OSHA Requirements for Schools

By Clare Inza Tyler

The U.S. Department of Labor's Occupational Safety and Health Administration (OSHA), established through the Occupational Safety and Health Act of 1970, ensures that working conditions for all Americans are safe and healthful. OSHA sets standards that must be met by any and all entities employing workers. Schools are no exception, as they employ teachers, administrative personnel, custodians, food service workers and others.

General Standards

OSHA Standard 29 CFR 1910, Occupational Safety and Health Standards, sets general industry standards for work environments. Although compliance with these standards protects students of a school, their purpose is actually a safe and healthy environment for employees of the school.

Floors and Surfaces

School hallways must adhere to OSHA safety standards.

Part 1910 Subpart D, Walking-Working Surfaces, covers safety for surfaces used for work and specifies that any potentially hazardous openings in walls or floors must be guarded. It also requires that sturdy railings be placed around stairwells and other areas where needed for safety or support. Subpart D also stipulates that fixed industrial stairs be provided where there is regular traffic flow of employees between levels of any structure. Additionally, it restricts the use of spiral stairways, except for "specific limited usage." Subpart D also mandates stair treads be "reasonably slip resistant."

Exits

Not only do school exits have to be built well and free from obstruction--both inside and outside of the building--but they also have to abide by National Fire Protection (NFPA) code regarding exit routes, emergency action plans and fire protection plans. Part 1910, Subpart E covers these requirements in detail.

Sanitation

School gymnasiums must be kept clean per OSHA standards.

According to Part 1910.141, all areas where employees work must be kept clean to the extent possible, which means keeping classrooms, gymnasiums, cafeterias, restrooms, auditoriums and offices free from loose boards, protruding nails, splinters and any unneeded holes or openings that would interfere with a thorough cleaning of these areas. This section requires the use of leak-free water containers, which must be kept clean and tightly closed. Workplace construction standards allow no space for vermin to reside and procreate, and require an effective extermination program to be in continual use. The required use of potable water assures safety for drinking, cleaning and food preparation.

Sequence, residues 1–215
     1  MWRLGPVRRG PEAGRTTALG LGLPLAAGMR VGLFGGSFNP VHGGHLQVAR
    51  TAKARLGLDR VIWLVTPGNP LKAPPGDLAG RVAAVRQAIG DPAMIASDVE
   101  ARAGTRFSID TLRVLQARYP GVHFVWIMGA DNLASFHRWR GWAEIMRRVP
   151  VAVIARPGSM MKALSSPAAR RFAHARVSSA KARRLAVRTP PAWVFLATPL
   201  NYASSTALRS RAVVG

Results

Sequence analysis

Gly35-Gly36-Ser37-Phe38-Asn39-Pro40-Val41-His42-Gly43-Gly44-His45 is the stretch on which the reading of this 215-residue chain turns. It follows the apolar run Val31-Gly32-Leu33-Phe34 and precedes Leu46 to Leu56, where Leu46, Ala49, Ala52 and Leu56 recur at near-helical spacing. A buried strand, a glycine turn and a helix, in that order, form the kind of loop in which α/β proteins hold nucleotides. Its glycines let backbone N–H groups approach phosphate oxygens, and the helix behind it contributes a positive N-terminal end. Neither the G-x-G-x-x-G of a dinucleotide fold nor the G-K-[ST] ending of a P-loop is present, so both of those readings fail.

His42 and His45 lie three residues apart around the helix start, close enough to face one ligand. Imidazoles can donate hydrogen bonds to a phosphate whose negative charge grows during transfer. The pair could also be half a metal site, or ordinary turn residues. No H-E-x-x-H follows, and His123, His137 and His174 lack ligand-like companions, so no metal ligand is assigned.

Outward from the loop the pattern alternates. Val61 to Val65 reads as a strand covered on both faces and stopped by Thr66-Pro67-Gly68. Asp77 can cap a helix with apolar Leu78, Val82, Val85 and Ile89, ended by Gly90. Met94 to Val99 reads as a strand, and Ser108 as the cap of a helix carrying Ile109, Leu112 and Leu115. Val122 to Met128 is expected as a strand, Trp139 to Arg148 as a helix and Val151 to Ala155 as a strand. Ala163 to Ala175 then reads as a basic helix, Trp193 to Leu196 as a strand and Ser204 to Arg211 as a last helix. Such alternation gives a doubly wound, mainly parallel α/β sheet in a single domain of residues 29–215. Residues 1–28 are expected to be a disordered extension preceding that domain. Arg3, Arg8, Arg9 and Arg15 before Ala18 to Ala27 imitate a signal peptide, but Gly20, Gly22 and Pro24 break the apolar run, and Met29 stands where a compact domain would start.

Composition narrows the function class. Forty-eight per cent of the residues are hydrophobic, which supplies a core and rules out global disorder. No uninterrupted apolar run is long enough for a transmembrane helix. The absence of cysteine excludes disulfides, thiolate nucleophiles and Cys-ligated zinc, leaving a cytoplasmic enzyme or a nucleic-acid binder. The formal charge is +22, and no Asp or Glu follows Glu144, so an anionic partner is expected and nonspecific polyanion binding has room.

Electrical

Schools house electrical equipment and installations in order to provide light and power to its structures. Part 1910, Subpart S covers safe use of electrical equipment in facilities where people are employed. It covers safety design, work practices, maintenance and special equipment. Wiring design and protection standards built into these regulations are detailed in this section. Electrical standards could be the most important of all because of the potentially disastrous effects of not adhering to them.

About the Author

Clare Inza Tyler started writing professionally for various websites in 2010, specializing in health, science, education and law. Tyler spent two years at Silvermine College of Art in Connecticut, where she learned the art of creative writing.